Beginner Skiing Essentials

Beginner Skiing Essentials

If you’re a skiing buff (like me – ha! I hope my husband reads this!), you already know what your most essential piece of equipment is going to be: Good skis. Duh

But there’s more to having a safe, fun experience on the slopes than just choosing the right skis. Here are some tips on the latest innovations in other skiing essentials that I learned about on my first ski trip this past year.

Obviously, it’s going to be cold out there, and that icy wind can slice your poor face like the Grim Reapers scythe when you’re whipping down a mountain at high speed. So protect ya neck with a quality neck gaiter that can convert into a hat, goggle case or, let’s face it, nose wipe, when need be. Seriously though, please go with wool for neck and socks (and gloves). I learned the hard, wet way why wool is best. When you’re shopping for a neck gaiter, make sure it’s versatile, as there are plenty on the market these days that can be all things for a good price.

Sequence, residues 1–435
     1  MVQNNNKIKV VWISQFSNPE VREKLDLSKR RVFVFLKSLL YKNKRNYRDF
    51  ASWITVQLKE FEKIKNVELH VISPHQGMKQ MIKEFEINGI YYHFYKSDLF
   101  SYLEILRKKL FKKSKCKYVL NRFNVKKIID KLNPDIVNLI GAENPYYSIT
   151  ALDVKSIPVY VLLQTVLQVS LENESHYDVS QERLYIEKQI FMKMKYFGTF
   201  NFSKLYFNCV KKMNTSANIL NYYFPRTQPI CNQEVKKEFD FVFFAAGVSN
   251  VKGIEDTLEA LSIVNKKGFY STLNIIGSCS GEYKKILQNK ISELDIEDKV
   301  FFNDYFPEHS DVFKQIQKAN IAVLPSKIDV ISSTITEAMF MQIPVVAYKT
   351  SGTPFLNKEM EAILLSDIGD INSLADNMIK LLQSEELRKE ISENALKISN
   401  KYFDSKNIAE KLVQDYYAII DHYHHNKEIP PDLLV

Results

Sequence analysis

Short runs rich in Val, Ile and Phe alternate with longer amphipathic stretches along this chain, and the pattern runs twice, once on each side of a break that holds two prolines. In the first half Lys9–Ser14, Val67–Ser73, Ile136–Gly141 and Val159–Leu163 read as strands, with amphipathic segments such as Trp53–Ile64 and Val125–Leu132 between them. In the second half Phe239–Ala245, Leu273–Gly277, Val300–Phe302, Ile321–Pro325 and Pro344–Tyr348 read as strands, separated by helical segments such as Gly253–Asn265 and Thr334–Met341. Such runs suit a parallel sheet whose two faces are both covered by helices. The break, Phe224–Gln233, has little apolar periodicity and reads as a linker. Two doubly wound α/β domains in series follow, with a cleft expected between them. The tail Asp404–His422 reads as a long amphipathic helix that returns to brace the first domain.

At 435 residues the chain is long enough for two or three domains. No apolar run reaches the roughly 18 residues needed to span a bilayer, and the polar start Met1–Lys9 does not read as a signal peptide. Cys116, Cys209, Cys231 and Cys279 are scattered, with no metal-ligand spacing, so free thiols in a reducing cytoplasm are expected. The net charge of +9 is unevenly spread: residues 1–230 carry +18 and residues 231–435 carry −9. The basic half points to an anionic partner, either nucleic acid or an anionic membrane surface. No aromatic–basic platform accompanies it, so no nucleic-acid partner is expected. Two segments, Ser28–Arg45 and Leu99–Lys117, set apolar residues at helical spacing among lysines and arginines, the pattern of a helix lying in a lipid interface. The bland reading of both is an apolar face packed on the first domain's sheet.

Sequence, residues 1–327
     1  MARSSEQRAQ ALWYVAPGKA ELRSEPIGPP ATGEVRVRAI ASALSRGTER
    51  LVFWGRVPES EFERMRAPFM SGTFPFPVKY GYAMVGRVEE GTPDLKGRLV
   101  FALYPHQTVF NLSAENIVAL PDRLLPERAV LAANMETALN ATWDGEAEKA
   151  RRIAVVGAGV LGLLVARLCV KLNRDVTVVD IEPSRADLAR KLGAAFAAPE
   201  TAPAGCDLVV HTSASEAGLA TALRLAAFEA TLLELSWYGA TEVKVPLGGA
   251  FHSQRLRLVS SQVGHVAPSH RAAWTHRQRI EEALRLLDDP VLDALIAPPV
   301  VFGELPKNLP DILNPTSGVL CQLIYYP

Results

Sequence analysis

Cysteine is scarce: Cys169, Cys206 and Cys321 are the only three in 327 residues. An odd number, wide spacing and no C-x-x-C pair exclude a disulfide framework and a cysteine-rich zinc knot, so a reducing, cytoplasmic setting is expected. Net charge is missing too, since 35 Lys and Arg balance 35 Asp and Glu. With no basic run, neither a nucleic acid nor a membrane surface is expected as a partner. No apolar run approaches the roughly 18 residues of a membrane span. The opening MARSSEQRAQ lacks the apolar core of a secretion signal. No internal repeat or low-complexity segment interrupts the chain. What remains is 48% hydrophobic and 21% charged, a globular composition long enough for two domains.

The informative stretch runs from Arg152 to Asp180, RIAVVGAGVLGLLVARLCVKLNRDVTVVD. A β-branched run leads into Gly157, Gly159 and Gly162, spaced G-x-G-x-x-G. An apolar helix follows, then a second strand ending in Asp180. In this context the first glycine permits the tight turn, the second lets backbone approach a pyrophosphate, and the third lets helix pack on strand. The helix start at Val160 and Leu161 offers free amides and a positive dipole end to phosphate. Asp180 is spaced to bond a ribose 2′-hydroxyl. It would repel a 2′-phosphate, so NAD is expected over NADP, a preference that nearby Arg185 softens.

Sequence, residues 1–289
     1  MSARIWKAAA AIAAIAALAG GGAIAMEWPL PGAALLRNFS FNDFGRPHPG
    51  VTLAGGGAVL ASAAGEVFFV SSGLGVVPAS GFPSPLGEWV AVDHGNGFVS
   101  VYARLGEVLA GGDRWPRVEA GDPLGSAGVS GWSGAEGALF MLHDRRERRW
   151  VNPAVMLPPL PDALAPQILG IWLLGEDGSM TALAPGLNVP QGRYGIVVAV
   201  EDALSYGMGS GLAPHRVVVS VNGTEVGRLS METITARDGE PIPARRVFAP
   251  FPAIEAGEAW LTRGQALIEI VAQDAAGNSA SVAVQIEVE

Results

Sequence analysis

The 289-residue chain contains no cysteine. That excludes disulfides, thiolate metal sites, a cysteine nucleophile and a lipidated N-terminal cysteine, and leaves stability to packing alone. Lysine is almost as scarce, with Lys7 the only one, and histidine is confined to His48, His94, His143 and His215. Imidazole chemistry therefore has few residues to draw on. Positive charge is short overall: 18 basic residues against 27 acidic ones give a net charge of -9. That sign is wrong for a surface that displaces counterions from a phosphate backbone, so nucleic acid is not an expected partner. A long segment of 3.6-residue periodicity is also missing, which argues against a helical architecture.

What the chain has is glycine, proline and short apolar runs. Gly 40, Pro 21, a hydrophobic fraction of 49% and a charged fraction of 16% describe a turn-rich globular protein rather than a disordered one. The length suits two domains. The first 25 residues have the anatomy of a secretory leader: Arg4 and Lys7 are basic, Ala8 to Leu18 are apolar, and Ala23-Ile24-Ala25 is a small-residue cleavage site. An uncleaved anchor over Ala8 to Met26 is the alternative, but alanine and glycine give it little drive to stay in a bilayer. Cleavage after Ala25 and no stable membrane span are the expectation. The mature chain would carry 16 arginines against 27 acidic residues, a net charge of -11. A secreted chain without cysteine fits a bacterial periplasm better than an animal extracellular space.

Speaking of covering your grill, that includes your eyes. Goggles need to look good, naturally, but their main job is to maintain excellent visibility and repel fog. Get whichever ones fit you best (I chose these googles to give an example of the padding for your face which is much needed!) Read reviews, and make sure you get goggles with high-quality spherical lenses. Also, make sure they fit your face and work well with your helmet.

When you’re booting up for a day of skiing, you want to wear boots that keep your feet dry and comfortable, as you have a long day of adventure ahead of you. You also don’t want boots that are too heavy, obviously, and lucky for you, there are ski boots in today’s market that only add about seven pounds (or less!) to your stride. They’re costly, but totally worth it. Or go with the rentals like me (thank you Park City ski rentals for keeping my skills on the down low).

Cell phones in the mountains are a dubious proposition, so be a cool spy on the slopes and get yourself and your skiing partner a pair of two-way radios with a lot of channels and a long talk range. Ten-four, good buddy – be safe and ski on!



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